The next day Amy finds Angelica in her library, and Angelica’s playing with tarot cards. She tells Amy to ask about her father, and she shows her how to use the deck. Amy feels a physical reaction to this, and she realizes she knows exactly how to read the cards despite never seeing them before. Angelica tells her that in the Pierce family, one or two women of each generation are born with an innate power. She tells her it’s a gift, and offers to teach her of the power, which is honestly really interesting, especially since we know Angelica was practicing magic before she ever met Simon. But Amy’s too scared, and she runs off, finding the children instead. They play a game of hide and seek, and Amy runs across the neighbors, who live behind a white garden fence. She sees a woman screaming in the yard, a snake coming at her. Amy cuts its fucking head off, spraying snake blood all over her, and helps the old woman up.

The woman is Claire Hathaway, and her son David comes out to help. Amy and David have a moment until Angelica comes running in. She pulls Amy away, and Amy sees David’s anger at that. Nellie comes in to help Amy change out of her clothes and starts to warn her about David Hathaway. I was waiting for the shoe to drop that David and Angelica had an affair, or that he and Nellie did, making Angelica jealous, but Angelica’s animosity towards him is never really explained, and what Nellie tries to warn her about is left a mystery. He does have a temper, but for a Fear Street love interest it’s like a normal human temper, especially since he’s hinted at suffering from PTSD. Anyway, Angelica warns Amy that David killed in war and will likely kill again.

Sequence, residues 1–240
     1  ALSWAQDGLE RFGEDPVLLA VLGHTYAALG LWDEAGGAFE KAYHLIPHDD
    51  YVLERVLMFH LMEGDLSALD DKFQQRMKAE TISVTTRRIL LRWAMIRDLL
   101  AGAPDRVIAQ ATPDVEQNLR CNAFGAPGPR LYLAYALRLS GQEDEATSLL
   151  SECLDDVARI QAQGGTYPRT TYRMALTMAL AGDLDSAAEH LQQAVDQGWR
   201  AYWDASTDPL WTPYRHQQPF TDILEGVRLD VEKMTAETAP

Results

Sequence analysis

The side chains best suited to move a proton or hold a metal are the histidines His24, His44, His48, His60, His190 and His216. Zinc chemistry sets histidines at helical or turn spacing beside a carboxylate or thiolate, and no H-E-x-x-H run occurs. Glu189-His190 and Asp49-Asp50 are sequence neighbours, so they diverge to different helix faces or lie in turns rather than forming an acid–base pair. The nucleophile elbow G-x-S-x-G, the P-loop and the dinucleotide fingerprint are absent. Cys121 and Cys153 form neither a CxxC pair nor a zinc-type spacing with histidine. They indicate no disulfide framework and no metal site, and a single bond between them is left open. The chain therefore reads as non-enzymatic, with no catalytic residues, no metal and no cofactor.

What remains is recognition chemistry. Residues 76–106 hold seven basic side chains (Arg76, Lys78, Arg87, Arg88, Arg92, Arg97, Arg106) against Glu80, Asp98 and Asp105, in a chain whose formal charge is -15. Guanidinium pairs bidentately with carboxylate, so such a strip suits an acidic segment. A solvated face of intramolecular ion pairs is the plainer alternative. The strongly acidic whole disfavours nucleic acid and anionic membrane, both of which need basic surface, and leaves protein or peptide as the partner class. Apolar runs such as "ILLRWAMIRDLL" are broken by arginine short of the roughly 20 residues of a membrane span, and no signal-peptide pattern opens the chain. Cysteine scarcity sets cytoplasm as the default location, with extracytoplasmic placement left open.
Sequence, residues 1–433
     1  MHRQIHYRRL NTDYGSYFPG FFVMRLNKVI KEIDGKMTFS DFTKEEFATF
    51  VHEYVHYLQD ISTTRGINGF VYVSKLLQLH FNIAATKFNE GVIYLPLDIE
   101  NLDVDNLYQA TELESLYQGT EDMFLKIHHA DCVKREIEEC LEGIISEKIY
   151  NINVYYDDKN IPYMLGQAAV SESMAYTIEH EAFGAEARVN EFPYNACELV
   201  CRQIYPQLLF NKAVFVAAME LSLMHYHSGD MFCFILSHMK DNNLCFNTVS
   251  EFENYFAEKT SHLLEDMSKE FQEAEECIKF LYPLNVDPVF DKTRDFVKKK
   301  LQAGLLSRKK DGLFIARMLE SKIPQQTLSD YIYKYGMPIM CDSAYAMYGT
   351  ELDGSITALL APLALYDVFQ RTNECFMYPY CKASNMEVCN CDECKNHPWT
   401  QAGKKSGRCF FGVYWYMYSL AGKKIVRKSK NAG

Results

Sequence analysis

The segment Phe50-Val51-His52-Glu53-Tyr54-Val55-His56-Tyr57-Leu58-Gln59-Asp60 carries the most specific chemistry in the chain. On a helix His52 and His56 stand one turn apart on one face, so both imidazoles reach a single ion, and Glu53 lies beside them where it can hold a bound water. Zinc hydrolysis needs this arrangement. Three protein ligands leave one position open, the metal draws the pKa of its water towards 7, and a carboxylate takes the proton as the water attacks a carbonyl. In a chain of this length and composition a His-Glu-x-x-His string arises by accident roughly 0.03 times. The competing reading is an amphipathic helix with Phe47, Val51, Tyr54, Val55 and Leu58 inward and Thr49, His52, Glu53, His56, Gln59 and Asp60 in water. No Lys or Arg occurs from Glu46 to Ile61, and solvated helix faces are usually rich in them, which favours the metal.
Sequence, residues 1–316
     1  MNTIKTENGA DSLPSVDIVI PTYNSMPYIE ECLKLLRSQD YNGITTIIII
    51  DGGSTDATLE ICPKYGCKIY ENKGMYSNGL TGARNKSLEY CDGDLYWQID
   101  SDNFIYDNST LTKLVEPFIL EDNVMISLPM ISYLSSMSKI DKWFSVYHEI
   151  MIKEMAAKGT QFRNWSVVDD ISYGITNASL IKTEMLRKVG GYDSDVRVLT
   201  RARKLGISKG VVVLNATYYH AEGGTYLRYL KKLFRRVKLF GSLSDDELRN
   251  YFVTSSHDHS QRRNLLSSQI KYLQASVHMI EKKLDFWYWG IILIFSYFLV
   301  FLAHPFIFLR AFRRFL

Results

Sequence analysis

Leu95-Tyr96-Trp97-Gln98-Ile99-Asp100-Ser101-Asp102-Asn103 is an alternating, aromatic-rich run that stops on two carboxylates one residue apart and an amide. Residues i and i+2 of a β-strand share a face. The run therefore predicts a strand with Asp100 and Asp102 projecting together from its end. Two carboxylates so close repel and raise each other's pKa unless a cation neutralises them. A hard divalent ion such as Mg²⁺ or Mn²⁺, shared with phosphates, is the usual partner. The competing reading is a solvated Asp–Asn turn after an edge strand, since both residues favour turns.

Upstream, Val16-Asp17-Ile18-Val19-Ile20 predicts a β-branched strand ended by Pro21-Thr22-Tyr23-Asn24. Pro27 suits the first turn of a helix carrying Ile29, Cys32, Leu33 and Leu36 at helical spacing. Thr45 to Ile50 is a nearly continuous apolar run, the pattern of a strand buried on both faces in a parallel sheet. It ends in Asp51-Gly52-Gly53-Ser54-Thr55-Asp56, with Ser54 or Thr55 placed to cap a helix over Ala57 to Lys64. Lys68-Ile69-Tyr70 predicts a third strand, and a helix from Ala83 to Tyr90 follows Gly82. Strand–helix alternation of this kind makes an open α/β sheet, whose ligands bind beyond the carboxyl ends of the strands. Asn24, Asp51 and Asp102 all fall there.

Amy seems undeterred by any of this, and when Claire Hathaway invites her over to thank her for saving her life, she accepts. David is there as well, and at first he seems standoffish and and avoids her gaze, but she realizes he’s scarred on his face and turns his head to hide it from her. She tells him she doesn’t mind, and the eyepatch gives him a “rakish” look. He seems pleased that she doesn’t hold her tongue. He walks her back to the house, and they have a moment until they see Nellie plummeting from the third story of the Fear home.